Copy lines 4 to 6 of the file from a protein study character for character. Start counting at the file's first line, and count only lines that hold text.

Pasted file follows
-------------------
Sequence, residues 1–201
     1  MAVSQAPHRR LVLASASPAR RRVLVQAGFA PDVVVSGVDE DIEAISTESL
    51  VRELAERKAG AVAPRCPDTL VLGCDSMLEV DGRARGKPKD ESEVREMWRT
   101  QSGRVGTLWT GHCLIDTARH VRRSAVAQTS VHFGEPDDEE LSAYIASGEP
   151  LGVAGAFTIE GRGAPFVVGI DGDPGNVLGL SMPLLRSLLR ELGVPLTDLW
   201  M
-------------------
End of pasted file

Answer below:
   101  QSGRVGTLWT GHCLIDTARH VRRSAVAQTS VHFGEPDDEE LSAYIASGEP
   151  LGVAGAFTIE GRGAPFVVGI DGDPGNVLGL SMPLLRSLLR ELGVPLTDLW
   201  M